Discontent is simmering in the shadow of the De Beers Victor Mine, as members of the Attawapiskat First Nation grow frustrated with the company for what they perceive as inaction on issues ranging from discrimination to water quality.
However, De Beers representatives countered that proactive measures have been taken at every step to ensure First Nation interests were being satisfied and the community continues to be thoroughly involved.
“We want to sit down at the table and say, ‘These are the issues, we mean business,’” says Attawapiskat First Nation Chief Theresa Hall.
“We’re through talking and now we want action.”
Located on the First Nation’s traditional lands 80 kilometres away, the Victor Mine is Ontario’s first diamond mine, producing 600,000 carats per year.
Dewatering of the site flows into the Attawapiskat River, leading Hall to express concern that the peatland’s naturally-occurring mercury may have unknown long-term effects.
The community relies on the waterway for fishing, hunting and medicinal plants and local whisperings of dead fish, where none had been seen before, is stirring fear, says Hall.
These concerns are understandable, if unfounded, says De Beers spokesperson Tom Ormsby.
Not only is the company meeting the safe and acceptable mercury levels as laid out in the environmental assessment, but that assessment had been approved by the First Nation, he says.
Should mercury levels rise, steps are already in place to reduce it, though Ormsby says mercury is often naturally released regardless of mining, such as during a summer drought.
“We understand the connotation that any time hear the word ‘mercury,’ it does create an immediate concern, but it’s important to note that mercury is released naturally in the environment we currently operate in,” says Ormsby. “All of the commitments we’ve made and are living up to are indicating that the levels are exactly as predicted and are well within all the healthy guidelines and there’s no concern regarding the activity we’re doing increases any risk related to mercury at this time.”
This approach to the environment is being mirrored in rehabilitation research projects being pursued by De Beers, says Ormsby. This includes one being spearheaded by Laurentian University’s Daniel Campbell, in partnership with a variety of Northern Ontario research institutions.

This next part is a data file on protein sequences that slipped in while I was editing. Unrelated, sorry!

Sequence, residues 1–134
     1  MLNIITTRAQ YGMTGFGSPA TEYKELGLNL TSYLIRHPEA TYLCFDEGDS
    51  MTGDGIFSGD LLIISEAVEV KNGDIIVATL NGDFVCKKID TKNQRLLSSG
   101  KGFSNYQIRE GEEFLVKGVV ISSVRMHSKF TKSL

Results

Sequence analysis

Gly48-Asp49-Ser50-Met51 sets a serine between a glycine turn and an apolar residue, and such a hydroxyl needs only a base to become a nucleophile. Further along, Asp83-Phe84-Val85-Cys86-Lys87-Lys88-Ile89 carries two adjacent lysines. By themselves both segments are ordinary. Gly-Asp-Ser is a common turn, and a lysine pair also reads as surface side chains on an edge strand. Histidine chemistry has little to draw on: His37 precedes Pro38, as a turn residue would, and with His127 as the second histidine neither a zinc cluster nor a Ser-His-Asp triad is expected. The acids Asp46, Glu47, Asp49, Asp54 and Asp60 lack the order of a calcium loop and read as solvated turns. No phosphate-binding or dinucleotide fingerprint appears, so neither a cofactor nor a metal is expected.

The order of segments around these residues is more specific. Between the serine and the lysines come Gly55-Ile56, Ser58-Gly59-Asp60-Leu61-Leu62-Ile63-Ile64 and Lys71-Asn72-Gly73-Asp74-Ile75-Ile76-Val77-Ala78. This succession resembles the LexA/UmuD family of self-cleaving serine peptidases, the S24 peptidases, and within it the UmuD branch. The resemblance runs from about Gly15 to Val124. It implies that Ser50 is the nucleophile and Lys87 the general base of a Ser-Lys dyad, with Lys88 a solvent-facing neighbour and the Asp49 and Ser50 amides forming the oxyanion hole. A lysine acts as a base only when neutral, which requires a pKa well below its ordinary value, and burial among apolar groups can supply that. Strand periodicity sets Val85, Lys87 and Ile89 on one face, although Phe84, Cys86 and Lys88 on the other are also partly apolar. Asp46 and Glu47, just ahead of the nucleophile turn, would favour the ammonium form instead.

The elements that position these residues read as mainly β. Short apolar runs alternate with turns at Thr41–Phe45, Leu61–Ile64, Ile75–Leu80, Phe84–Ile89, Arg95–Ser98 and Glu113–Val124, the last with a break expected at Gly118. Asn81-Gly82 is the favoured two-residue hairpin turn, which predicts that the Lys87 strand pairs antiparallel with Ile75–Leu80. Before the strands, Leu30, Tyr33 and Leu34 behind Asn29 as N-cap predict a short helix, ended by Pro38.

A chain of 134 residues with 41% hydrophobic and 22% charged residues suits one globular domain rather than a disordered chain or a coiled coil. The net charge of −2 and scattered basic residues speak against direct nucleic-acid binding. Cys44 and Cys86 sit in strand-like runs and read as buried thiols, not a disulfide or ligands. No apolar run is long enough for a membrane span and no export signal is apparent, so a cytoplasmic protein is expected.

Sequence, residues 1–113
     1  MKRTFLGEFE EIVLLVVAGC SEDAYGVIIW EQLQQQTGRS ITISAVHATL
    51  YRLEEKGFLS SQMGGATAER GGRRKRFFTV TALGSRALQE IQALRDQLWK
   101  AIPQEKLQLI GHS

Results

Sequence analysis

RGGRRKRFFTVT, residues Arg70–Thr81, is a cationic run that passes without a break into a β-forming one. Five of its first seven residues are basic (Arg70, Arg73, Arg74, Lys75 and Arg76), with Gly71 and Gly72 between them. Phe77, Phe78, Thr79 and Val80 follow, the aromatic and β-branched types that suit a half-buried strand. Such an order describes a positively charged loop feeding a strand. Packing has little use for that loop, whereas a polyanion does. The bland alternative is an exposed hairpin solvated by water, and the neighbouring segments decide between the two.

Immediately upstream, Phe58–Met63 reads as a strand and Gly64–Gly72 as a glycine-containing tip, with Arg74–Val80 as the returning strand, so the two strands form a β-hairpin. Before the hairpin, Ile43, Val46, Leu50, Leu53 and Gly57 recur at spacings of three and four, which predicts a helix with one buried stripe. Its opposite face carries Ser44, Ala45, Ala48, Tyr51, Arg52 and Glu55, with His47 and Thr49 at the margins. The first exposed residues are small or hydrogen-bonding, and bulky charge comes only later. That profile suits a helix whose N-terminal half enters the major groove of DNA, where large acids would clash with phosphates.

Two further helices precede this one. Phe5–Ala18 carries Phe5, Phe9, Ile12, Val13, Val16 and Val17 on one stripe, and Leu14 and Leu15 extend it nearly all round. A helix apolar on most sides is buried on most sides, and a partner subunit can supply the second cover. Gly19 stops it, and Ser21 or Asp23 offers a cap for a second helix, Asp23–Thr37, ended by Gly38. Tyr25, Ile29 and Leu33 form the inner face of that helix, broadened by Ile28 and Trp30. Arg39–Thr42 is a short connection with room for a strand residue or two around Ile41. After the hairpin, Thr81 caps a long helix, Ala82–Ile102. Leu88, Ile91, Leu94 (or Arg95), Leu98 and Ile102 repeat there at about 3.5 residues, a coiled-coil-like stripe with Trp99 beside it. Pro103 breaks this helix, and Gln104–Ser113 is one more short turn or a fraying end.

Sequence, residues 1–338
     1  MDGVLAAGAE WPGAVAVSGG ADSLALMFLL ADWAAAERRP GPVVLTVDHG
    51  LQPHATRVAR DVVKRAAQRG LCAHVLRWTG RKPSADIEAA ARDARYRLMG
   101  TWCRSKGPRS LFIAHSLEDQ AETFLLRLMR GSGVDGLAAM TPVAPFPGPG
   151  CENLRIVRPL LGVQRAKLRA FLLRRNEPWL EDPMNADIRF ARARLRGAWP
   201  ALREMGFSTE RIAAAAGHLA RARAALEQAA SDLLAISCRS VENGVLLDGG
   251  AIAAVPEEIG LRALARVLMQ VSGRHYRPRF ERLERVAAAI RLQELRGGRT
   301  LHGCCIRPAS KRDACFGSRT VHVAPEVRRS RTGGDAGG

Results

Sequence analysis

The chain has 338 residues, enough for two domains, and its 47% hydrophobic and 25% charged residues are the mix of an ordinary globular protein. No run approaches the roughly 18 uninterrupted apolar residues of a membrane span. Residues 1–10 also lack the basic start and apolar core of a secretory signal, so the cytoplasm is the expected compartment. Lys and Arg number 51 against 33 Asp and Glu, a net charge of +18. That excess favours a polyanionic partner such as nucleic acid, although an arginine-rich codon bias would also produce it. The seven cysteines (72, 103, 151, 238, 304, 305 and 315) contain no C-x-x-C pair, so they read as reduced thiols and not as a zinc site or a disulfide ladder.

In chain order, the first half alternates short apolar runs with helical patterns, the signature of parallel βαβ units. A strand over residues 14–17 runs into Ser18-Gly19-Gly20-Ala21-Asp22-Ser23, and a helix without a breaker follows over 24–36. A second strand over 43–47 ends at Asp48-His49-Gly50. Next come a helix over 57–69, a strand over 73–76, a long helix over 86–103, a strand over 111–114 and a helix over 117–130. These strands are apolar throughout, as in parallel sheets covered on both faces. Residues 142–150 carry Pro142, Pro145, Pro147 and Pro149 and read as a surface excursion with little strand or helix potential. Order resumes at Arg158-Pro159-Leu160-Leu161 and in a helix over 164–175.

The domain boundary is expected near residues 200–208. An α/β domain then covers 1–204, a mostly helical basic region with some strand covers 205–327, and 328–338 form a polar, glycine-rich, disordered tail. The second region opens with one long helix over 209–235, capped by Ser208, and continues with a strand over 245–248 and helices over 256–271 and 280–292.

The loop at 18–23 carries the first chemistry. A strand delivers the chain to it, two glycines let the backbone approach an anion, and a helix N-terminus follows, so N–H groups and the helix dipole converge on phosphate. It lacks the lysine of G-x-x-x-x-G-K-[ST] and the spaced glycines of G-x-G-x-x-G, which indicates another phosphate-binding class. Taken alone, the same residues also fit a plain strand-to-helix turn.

Attawapiskat’s concerns extend beyond this issue, says Hall, who adds that although 1,800 live on the reserve, 2,000 members currently live elsewhere.
Some would return if the appropriate jobs and homes were made available, but the majority of the contracts held by the community are for menial, low-paying tasks, she argues. Worse, she says, these jobs have exposed residents to insults and discrimination from other workers at the site.
“We know we’re dealing with big profit, but we’re also dealing with human beings here,” says Hall.
However, De Beers Ltd. vice-president of Aboriginal Affairs Jonathan Fowler says the First Nation secured more than $160 million in contracts and 587 jobs through the construction period. It has also secured $90 million in contracts and 110 jobs through the operational phase, for a total of $3.5 million in wages through 2008.
Ormsby also points out that all of the permanent contracts are joint-venture partners with the community, from site services to logistics and transportation, giving Attawapiskat a business interest in all of them.
What’s more, 90 per cent of the discrimination problems have come from within these partnerships, mainly during the construction phase, with six people having been fired to date.
Discrimination is in no way tolerated at De Beers or among its contractors, says Ormsby, and all complaints are fully investigated. Cultural sensitivity training is also mandated at all levels, as a strong level of cross-cultural understanding is a priority.
Such frustrations are something the company has worked ardently with Attawapiskat First Nation to mitigate, even from the outset, says Fowler.
While exploration began years before, discussions for the impact benefit agreement (IBA) began in 2002, followed by “hundreds” of community meetings over the following three years.